5. Maoists expanding base in Orissa, attacks intensifying

June 18th, 2009 - 2:44 pm ICT by IANS  

Bharatiya Janata Party By Jatindra Dash
Bhubaneswar, June 18 (IANS) A medal winning sub-inspector shot dead, forcible capture of farm land belonging to non-tribals, attacks on police stations and corporate houses - Maoist rebels are fast spreading their base in Orissa and the government admits as much.

Senior police officials engaged in anti-Maoist operations privately say they are helpless because the capacity building of the police force has not been as much as desired and there is no clear cut direction from the top on how to deal with the problem.

That the Maoist rebels have spread their activities is evident from the fact that during the past two years they have killed more then 100 people whereas the number of Maoists killed is below 20, say official source.

The attacks have only intensified in the past few months.

The rebels shot dead police sub-inspector Narasingh Mahakud, 54, a winner of the president’s medal, Monday in a forest in Sambalpur district. The district has witnessed gunbattles between the ultras and police since Sunday.

Last week, the rebels killed a person in Mayurbhanj and two people in Malkangiri district accusing them of being police informers.

Maoist supporters under the banner of Chasi Mulia Sangha have been holding sway in over a dozen villages under Narayanapatna block in the southern district of Koraput. They are forcibly entering the farmlands of non-tribals and occupying them by hosting red flags on the land, police said.

On Monday, the activists of the outfit occupied hundreds of acres of land of non-tribals in the region. Hundreds of non-tribals have already left their homes in panic, police said.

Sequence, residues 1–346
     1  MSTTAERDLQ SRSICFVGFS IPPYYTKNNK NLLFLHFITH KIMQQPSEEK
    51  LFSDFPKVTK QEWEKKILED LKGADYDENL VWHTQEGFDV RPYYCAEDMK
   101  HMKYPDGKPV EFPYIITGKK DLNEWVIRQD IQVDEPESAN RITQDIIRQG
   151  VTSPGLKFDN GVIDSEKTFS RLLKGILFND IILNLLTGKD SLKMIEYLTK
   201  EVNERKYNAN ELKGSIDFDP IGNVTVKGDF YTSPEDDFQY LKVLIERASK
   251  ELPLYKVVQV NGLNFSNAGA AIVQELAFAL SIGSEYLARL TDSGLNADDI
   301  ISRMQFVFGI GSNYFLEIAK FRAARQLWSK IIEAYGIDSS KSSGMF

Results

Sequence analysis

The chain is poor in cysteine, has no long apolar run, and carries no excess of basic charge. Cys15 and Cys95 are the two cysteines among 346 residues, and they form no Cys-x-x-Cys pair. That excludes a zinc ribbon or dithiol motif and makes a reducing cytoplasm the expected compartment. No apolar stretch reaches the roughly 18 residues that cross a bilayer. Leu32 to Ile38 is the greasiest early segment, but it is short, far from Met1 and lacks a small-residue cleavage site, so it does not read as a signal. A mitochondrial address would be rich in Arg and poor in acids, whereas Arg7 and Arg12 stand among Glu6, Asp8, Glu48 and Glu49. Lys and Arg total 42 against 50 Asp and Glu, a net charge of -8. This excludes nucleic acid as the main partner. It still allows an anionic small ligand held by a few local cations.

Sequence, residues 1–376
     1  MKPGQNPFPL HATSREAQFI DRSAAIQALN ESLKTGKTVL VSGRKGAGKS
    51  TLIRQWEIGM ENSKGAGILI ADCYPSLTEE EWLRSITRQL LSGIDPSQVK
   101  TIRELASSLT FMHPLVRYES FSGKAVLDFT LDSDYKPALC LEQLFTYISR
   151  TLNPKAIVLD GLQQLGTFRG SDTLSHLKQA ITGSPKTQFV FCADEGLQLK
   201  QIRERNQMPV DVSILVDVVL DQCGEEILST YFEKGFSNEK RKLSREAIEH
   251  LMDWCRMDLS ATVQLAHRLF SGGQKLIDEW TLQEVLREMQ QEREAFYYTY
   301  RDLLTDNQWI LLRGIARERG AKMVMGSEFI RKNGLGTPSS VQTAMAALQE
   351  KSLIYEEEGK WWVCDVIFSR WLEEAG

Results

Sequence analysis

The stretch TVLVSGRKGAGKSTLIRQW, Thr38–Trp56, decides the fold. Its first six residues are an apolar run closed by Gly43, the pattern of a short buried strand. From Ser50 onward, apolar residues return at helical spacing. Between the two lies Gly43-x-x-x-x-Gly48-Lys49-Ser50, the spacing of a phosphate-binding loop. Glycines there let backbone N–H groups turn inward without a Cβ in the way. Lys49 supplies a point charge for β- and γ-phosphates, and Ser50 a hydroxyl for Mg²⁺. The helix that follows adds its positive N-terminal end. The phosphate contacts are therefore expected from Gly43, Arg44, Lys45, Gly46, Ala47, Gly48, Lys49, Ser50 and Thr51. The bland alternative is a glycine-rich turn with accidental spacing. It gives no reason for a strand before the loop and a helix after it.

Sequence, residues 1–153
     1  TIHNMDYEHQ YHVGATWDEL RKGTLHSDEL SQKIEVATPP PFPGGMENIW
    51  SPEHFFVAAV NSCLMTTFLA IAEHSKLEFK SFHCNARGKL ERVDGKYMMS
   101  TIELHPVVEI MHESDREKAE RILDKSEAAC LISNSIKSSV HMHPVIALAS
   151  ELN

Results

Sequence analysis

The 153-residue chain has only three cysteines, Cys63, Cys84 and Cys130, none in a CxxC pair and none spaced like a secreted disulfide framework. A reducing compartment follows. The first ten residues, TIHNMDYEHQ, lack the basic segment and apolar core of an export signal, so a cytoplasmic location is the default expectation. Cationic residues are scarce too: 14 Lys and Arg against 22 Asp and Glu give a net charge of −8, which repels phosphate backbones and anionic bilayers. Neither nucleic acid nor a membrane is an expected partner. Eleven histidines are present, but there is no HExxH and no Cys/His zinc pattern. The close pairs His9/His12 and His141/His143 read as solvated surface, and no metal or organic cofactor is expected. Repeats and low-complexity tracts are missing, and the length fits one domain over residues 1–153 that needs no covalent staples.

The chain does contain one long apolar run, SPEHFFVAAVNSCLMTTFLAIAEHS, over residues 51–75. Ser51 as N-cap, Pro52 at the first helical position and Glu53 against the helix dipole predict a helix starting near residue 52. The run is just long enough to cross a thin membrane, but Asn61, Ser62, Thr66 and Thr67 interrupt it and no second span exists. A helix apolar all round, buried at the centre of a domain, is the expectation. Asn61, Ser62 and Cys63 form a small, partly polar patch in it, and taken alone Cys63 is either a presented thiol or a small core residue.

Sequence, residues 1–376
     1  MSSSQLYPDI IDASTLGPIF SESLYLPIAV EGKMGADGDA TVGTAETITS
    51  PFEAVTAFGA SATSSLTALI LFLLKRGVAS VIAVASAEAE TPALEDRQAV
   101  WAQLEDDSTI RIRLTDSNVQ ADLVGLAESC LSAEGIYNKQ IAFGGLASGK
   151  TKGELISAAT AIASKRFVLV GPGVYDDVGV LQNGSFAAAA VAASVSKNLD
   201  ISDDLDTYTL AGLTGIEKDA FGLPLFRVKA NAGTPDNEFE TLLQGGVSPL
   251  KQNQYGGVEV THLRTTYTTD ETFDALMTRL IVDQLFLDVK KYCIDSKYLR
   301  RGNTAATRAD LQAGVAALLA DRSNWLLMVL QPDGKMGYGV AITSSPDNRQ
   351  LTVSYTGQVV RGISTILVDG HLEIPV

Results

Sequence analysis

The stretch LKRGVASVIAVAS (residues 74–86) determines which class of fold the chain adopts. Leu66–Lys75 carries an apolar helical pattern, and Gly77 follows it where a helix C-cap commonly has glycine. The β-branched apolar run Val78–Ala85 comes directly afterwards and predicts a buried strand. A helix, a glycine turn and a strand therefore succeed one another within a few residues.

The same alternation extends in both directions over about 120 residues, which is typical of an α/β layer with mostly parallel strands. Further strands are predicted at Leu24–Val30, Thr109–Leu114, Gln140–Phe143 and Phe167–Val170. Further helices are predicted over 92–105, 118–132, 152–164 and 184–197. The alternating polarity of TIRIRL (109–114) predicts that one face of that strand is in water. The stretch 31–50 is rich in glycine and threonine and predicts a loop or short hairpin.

The red rebels attacked the bauxite mine of NALCO in Koraput district April 12. At least 14 people were killed in the attack, including 10 security personnel, who were guarding the mine, police said.

“The mine at Damanjodi is Asia’s largest bauxite mine which has a capacity to generate 4.8 million tonnes of bauxite a year,” NALCO chairman C.R. Pradhan said adding that the attack was the first of its kind in the region in the past 29 years.

“Although the ultras have their presence in the district they had never carried out such a big attack in the region, especially targeting a corporate house,” a senior police official posted in the region said adding it shows how they have expanded their base and strength.

Soon after the attack the state government announced that combing operations were on and additional police forces had been deployed. However, within two months the rebels carried out another attack in the same district.

This time they targeted police stations. They blew up a police station in Baipariguda village and blew up a police outpost nearby June 7. They also ransacked a nearby forest office.

Chief Minister Naveen Patnaik told the state assembly June 10 that the state government has been taking several steps to control the situation.

“We are taking many medium and long term measures to control the situation throughout the state which will start yielding results in the months to come. My government stands committed to protect the life and property of our citizens to the best of its ability,” Patnaik said.

But the opposition described the chief minister’s statements are mere eyewash.

“If the government is taking action then why are the number of attacks and their area of operation increasing,” Jual Oram, Bharatiya Janata Party’s national vice president, told IANS.

Around 10 years ago, Maoists activities in the state were confined to just three to four districts. By 2007, according to official figures, they had expanded to 15 of the state’s 30 districts.

According to state home department figure, the Communist Party of India-Maoist wielded influence in districts like Malkangiri, Koraput, Rayagada, Gajapati, Ganjam, Nabrangpur, Sambalpur, Deogarh, Sundargarh, and Mayurbhanj.

The new districts where they have spread during last two years are Nayagarh, Kandhamal and Boudh.

Similarly, the Communist Party of India-Marxist Leninist (Jana Shakti), another left wing extremist outfit, has made its presence felt in the mineral rich tri-junction areas of three districts - Keonjhar, Jajpur and Dhenkanal. The outfit has expanded base to the neighbouring district of Jagatsinghpur.

“Now they have a presence in two more districts and some presence in the rest of the state,” a senior police official said on condition of anonymity.

“It is horrible situation for us,” he said.

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